Mercedes E63 AMG (2013-2017) review
Punchy and impressively efficient V8 engine helps Mercedes E63 AMG keep up with its supersaloon rivals
The wild Mercedes E63 AMG S was the most powerful four-door saloon money could buy - until the Vauxhall VXR8 muscled in on its patch. It combines punchy performance from its 5.5-litre twin-turbo V8 engine with decent efficiency, to rival the Jaguar XFR and Audi RS6. The restrained design inside and out is beginning to show its age, but it will still appeal to drivers who prefer not to stand out, while the impressive level of luxury and technology on offer makes the very expensive price tag a bit easier to justify.
Sitting just above the standard 549bhp E63 AMG, the 577bhp S version is aimed at buyers who want the absolute ultimate in performance and practicality and are willing to pay top dollar for the privilege.
Like the standard car, it also comes as a practical estate, with a four-wheel-drive version as special order – although that’s hobbled by a left-hand-drive layout and a price tag which won’t leave much change from £100,000.
Engines, performance and drive
With 577bhp and 800Nm of torque, the E63 AMG S delivers acceleration that would show many supercars a clean pair of heels. At the track, the Mercedes blasted from 0-60mph in 4.2 seconds – a tenth of a second quicker than the Vauxhall. Yet it’s the AMG’s scorching overtaking pace that really takes your breath away. We recorded a blistering 4.8 seconds for the 50-70mph sprint in sixth gear.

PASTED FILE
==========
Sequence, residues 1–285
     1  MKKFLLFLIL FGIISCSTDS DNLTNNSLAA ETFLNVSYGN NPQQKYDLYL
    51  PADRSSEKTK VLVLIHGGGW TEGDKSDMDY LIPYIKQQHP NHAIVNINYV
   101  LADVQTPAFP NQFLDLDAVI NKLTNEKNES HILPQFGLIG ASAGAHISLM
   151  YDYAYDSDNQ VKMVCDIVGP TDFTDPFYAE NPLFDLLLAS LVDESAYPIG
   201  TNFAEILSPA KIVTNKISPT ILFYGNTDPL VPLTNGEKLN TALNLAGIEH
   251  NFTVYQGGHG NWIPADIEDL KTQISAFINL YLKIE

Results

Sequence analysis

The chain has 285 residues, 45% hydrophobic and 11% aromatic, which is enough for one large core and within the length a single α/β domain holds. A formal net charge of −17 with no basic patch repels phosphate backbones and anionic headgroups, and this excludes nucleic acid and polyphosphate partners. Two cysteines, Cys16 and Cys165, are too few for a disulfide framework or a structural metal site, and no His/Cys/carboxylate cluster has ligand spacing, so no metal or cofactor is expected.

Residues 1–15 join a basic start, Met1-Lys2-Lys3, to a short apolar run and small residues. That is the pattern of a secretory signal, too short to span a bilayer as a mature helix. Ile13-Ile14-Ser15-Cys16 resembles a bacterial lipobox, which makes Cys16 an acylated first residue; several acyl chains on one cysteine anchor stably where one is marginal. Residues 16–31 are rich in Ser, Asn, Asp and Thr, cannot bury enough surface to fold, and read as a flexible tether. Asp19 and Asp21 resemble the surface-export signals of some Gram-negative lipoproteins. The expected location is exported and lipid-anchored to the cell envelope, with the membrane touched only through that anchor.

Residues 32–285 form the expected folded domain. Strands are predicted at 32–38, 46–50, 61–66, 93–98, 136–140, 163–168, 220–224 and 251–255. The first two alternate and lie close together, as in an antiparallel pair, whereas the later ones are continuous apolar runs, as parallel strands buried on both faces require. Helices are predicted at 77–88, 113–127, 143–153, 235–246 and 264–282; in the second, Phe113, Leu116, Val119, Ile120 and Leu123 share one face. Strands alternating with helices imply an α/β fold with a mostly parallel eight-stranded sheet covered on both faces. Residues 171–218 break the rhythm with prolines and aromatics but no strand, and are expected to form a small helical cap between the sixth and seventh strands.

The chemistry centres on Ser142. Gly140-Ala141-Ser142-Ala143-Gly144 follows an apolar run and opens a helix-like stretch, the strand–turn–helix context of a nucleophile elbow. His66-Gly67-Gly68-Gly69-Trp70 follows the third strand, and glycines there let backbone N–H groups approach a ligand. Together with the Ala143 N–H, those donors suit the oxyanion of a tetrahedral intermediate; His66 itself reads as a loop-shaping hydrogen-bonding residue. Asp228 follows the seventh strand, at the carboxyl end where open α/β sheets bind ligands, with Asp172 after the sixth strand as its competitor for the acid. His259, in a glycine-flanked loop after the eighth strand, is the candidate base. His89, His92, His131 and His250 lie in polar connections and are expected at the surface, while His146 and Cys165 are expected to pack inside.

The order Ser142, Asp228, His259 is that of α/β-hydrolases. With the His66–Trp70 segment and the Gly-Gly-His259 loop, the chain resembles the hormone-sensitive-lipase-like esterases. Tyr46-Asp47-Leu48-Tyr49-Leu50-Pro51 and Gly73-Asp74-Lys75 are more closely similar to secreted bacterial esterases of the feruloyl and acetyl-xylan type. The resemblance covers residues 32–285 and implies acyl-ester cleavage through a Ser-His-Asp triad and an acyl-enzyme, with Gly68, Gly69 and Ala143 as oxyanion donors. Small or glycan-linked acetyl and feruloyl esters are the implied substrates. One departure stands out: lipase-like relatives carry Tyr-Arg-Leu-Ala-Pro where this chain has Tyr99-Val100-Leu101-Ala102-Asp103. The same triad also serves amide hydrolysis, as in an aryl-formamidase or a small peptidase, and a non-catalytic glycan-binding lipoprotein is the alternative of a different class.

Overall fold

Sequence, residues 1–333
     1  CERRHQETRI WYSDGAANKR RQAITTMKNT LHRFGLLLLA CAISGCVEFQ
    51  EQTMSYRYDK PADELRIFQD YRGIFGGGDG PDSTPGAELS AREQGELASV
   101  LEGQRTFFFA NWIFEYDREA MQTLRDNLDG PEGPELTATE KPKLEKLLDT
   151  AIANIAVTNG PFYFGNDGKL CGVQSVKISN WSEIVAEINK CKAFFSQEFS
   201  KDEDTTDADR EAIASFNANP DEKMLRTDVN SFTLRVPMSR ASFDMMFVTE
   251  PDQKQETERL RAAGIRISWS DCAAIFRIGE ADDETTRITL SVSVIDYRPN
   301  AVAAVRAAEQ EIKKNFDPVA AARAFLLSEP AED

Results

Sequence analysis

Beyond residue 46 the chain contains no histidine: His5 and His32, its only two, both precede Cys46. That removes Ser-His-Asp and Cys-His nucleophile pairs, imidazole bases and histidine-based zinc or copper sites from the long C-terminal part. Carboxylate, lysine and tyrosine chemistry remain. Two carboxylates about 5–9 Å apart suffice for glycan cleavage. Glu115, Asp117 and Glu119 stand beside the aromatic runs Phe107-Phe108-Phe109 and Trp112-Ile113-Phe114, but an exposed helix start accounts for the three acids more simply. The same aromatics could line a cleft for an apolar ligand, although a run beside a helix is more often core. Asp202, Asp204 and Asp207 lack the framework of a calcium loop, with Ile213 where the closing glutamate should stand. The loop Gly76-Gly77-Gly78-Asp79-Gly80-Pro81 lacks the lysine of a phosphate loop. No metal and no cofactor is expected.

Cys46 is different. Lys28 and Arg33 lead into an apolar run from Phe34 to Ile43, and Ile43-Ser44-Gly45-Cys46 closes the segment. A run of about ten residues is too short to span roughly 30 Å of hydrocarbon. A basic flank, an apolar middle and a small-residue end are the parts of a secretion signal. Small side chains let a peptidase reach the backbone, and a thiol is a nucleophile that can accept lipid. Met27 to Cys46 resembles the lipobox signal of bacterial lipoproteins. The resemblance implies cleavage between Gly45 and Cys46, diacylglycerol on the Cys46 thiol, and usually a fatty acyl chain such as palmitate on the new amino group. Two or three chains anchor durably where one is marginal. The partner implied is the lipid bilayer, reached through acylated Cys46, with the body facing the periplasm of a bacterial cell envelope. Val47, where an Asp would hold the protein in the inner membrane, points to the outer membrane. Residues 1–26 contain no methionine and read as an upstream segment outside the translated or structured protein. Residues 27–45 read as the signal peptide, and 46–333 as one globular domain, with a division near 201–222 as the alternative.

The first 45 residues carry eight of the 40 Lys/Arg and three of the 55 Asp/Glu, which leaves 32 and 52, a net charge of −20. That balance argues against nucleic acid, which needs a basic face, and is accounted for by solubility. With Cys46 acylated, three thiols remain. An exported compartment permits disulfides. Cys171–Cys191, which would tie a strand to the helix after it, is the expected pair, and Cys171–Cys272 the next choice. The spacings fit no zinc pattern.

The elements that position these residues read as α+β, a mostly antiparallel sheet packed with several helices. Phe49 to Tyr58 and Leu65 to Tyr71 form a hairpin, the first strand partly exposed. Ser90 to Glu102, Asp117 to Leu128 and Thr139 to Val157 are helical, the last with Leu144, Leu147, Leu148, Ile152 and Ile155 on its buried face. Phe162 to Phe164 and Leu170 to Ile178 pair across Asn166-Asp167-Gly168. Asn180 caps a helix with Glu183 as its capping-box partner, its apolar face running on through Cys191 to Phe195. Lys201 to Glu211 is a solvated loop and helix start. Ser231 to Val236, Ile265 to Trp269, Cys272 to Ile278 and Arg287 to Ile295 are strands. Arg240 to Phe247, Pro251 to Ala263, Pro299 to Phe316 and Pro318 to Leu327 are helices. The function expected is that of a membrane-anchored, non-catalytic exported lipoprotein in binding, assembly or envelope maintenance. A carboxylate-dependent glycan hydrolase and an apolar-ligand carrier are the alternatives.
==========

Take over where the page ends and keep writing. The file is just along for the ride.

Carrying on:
Car group tests
On the road, the AMG’s thunderous engine delivers lag-free performance and lightning reactions. Above 2,000rpm, you ride a colossal surge of pulling power that fires the car down the road. The sensation of speed is enhanced by a slick seven-speed gearbox, which slots home rapid upshifts and serves up a crackling throttle blip with every downchange.
Yet the big Mercedes never feels out of its depth in corners. Solid body control, strong grip and quick, well weighted steering inspire huge confidence and letting you place it with pinpoint accuracy.
And while the traction control works overtime to tame wheelspin in wet conditions, in the dry the E63 feels calm and composed. Of course, if you switch off the stability control, it can easily be coaxed into smoking showboating tailslides.
However, the AMG’s best party trick is that it seamlessly combines all this wild behaviour with everyday civility. The ride is remarkably supple with the dampers in their softest setting, while the cabin is insulated from wind and road noise and the tall seventh gear allows the engine to rev at a relaxed 1,850rpm at 70mph.
MPG, CO2 and Running Costs
You don’t need a degree in economics to realise that the Mercedes E63 AMG will cost you a lot of money to run. We managed just 16.5mpg during our week with the car, despite having the drivetrain in fuel-saving ECO mode when cruising on the motorway.
Yet servicing costs are more manageable. Opt for the Mercedes service plan and you’re looking at £540 per year – reasonable when compared to supercars with similar pace.The E-Class also has decent residual values on its side, with our experts predicting it’ll hold on to 42.1 per cent of its value after three years, which is enough for the E63 to offset its higher asking price.